With each passing day, more and more universities are announcing their decision to make their classes and campus virtual this fall. The Chronicle of Higher Education has been tracking more than 1,260 colleges and is, at time of writing, reporting 13% of schools are planning to go fully online, while 35% are planning for a hybrid model - and these numbers are on the rise (just a few weeks ago this was 8% and 25%, respectively). Among the list of schools planning to go fully online are Berklee College of Music, Clemson University, Harvard, Miami University of Ohio, Princeton, Savannah College of Art and Design (SCAD), and quite a few more.While no “typical” college or university has a tried and true playbook for virtualizing an entire student body, it’s time to embrace the reality upon us. Now is the time to invest in the tools and technology that will ensure business continuity and educational success for students, cultivating the next generation of healthcare workers, marketers, engineers, architects, teachers and more. Video will play a crucial role in connecting with students and faculty, as well as prospective students, to achieve this goal.
Going virtual beyond the classroom
A real challenge higher education institutions currently face is just how to effectively deliver lectures, lessons and discussion-based learning in a virtual setting. We actually covered this in a previous blog post, Strategies for using video in the era of remote learning. Here, we’ll discuss going virtual beyond learning, covering more ways universities can and should be using video to reconnect and re-engage with students this fall. Making the investment now - in time, resources and budget - will reap great benefits for schools far beyond the next few months to come.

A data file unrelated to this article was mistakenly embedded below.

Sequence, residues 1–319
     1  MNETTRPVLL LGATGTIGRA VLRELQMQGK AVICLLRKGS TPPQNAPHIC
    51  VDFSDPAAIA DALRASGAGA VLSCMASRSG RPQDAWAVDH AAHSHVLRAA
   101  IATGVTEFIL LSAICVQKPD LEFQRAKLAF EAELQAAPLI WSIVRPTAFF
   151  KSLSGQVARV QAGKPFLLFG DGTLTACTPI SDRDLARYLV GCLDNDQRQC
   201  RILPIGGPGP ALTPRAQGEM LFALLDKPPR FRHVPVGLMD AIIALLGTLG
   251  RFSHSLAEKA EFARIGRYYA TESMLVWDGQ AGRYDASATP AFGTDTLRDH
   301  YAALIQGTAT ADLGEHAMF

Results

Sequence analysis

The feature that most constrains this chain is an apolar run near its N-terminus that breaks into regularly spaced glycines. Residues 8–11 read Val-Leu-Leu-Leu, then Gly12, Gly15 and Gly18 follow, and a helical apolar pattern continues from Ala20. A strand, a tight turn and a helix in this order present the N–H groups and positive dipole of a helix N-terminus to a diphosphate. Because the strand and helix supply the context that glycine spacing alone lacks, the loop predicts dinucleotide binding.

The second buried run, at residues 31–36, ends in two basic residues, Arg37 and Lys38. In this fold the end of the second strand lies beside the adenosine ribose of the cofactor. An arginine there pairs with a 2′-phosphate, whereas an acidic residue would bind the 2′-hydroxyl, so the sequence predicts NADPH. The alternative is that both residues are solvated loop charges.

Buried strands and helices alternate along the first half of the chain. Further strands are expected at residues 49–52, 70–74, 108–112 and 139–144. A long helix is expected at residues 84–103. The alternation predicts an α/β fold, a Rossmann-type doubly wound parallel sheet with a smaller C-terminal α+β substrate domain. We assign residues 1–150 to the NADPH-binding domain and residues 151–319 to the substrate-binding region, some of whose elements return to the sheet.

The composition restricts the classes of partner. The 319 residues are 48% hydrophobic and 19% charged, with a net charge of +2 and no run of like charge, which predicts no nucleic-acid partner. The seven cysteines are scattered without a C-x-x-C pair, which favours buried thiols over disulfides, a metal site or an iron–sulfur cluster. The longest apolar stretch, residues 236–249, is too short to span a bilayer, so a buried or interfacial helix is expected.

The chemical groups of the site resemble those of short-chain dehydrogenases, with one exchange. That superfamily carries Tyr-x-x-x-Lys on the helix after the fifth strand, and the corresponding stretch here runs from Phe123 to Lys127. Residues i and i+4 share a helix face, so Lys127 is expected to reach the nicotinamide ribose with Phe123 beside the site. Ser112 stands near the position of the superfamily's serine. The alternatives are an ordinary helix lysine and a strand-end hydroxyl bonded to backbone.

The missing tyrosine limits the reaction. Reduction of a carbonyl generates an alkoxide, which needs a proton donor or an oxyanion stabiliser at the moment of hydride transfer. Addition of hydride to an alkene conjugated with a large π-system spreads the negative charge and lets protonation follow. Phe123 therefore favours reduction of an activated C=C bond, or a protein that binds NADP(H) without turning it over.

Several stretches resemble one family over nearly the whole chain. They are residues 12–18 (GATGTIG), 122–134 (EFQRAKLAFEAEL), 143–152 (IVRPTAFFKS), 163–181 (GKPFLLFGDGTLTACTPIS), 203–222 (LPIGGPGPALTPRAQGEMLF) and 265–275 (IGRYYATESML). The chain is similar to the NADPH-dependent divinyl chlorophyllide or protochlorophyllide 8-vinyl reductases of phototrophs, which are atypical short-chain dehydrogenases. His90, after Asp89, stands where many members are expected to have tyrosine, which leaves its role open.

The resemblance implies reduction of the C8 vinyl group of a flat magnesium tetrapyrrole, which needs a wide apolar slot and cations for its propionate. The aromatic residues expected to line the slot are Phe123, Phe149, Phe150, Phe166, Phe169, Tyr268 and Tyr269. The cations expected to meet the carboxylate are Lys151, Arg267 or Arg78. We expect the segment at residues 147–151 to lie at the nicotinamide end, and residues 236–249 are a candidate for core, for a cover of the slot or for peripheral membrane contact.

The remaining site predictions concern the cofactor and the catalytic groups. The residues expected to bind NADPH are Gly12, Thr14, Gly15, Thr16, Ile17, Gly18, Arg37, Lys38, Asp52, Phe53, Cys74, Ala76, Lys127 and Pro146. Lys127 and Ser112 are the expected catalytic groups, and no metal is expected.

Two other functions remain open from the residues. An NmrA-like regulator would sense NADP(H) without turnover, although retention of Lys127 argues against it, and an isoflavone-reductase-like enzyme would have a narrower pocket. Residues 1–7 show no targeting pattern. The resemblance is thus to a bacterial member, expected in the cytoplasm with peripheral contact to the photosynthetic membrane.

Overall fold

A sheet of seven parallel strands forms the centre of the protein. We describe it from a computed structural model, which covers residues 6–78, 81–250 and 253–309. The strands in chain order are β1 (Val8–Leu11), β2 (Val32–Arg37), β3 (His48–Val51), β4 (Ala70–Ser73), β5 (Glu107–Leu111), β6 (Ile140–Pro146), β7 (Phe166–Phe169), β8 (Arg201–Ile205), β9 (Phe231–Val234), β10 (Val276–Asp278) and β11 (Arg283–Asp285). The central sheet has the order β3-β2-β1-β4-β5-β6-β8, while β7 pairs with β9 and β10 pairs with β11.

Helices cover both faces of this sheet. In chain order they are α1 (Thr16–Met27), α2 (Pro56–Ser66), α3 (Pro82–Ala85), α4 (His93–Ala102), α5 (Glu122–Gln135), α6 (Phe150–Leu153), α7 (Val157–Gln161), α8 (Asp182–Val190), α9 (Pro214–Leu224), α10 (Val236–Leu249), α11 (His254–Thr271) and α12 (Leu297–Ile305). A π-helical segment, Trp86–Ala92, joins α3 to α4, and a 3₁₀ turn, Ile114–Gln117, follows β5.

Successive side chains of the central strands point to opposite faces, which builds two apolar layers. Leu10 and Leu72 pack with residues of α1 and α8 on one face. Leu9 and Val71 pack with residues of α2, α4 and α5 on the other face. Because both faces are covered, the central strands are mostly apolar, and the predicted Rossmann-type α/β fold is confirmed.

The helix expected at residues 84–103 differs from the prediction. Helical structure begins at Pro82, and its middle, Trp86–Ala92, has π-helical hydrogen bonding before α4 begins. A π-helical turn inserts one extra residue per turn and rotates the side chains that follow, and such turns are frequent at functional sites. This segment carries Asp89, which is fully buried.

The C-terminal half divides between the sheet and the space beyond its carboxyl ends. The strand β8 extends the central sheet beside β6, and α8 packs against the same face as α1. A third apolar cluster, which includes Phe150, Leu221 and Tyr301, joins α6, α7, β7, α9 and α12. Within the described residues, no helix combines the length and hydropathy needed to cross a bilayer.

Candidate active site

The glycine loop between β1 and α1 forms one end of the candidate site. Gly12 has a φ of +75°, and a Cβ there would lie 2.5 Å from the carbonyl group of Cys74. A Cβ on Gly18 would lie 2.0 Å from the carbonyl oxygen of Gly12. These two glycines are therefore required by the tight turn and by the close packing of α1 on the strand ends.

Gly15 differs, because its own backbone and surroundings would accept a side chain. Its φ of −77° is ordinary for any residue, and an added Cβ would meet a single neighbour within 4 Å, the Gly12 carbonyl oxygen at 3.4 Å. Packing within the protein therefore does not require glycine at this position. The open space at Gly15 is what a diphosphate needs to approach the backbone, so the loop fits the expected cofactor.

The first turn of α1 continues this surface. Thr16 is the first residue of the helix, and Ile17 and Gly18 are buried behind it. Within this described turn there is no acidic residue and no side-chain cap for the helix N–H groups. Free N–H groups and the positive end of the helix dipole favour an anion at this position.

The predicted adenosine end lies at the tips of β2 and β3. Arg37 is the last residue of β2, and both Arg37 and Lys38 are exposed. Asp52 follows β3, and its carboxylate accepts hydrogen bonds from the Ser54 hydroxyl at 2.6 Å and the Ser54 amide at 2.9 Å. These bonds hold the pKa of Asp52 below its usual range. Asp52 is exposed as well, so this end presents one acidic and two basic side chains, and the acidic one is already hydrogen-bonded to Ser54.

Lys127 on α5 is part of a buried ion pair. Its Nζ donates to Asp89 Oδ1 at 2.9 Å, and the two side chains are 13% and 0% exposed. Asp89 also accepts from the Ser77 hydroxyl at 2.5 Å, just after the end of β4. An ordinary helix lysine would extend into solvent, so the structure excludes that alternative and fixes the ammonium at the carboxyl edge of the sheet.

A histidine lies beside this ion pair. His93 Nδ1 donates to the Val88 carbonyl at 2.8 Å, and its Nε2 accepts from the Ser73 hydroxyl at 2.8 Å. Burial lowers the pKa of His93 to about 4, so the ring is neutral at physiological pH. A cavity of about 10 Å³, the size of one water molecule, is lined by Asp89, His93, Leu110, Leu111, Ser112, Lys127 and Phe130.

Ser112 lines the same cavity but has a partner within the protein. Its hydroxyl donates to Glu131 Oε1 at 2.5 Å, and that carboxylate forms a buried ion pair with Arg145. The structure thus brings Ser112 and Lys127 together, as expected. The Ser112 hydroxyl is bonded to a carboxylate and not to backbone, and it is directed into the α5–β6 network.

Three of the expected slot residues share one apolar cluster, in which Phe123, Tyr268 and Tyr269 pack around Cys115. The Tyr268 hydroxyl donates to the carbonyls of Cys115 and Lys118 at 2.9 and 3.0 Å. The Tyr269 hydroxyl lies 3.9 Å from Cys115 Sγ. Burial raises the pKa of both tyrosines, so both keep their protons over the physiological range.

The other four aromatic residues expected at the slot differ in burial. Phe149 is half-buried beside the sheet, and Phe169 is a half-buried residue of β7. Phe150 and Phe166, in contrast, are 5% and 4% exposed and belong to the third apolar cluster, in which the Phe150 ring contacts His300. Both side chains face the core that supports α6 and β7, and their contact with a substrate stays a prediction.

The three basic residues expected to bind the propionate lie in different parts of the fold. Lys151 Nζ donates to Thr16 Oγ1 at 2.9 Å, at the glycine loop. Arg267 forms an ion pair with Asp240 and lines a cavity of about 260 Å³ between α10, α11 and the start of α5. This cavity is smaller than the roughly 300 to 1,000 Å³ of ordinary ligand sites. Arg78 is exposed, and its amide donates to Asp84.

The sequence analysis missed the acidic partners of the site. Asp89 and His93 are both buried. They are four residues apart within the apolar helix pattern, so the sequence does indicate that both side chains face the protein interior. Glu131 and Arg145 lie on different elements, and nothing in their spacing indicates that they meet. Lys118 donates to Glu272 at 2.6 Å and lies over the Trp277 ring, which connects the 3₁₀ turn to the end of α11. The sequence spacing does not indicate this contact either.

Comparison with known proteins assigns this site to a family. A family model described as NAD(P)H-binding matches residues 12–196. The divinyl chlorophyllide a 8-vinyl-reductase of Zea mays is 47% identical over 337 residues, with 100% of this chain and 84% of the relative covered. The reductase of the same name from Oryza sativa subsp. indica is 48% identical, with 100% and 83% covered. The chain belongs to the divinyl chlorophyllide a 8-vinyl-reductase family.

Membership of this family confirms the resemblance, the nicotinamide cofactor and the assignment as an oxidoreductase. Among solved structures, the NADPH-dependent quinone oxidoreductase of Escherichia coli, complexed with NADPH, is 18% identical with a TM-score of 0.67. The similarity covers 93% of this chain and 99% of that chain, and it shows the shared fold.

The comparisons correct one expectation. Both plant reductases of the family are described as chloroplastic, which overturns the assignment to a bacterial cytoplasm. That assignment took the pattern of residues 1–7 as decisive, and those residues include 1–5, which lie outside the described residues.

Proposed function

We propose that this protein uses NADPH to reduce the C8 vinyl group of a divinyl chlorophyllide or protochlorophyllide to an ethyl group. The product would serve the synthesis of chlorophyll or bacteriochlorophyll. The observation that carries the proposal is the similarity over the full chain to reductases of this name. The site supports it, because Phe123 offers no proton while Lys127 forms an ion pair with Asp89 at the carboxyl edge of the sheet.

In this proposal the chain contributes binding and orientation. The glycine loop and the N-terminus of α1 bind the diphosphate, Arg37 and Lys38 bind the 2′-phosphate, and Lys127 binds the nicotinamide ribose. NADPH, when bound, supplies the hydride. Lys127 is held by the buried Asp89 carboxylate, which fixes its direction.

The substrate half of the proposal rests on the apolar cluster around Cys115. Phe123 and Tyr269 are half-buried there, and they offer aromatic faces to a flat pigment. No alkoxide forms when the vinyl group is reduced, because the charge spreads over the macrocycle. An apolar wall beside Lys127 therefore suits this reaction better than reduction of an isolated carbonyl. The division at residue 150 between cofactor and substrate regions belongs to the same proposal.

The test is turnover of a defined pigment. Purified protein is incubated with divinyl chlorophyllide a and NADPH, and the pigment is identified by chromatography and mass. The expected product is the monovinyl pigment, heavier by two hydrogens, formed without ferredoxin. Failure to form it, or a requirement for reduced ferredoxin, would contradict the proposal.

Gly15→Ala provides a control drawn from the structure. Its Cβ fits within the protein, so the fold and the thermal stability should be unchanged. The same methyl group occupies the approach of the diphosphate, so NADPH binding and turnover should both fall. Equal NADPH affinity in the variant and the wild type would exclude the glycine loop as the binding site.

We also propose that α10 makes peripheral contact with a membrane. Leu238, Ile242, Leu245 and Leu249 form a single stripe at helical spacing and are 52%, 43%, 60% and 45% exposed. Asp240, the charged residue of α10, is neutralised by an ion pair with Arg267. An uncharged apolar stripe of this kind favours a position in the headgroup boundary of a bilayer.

1. College isn’t cancelled; recruiting efforts must go on
Classes may not be happening in person this fall (at least, not everywhere), but that doesn’t mean they’re not happening - college is not, in fact, cancelled. And while many youngsters preparing for their freshman year may now be considering taking a gap year, universities cannot take a back seat on their recruiting efforts for future classes to come. In fact, the rising interest in a gap year is a great reason to significantly amp up marketing efforts! We already know the younger generations prefer consuming news and entertainment via video, and specifically video on social media, so schools need to be thinking about the type of content they’re producing for that medium.